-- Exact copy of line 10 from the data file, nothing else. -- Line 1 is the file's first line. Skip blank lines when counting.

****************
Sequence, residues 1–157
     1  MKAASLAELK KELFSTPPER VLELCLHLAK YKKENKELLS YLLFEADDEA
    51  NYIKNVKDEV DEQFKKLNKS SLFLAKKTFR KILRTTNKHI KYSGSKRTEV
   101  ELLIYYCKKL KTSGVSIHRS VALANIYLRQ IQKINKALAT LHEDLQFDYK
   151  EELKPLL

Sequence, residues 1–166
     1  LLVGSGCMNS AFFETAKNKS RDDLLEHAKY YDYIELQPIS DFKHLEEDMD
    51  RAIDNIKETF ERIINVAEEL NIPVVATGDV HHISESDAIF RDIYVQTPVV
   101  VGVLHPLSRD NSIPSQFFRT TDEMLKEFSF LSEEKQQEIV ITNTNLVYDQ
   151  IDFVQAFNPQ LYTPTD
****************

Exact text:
   151  IDFVQAFNPQ LYTPTD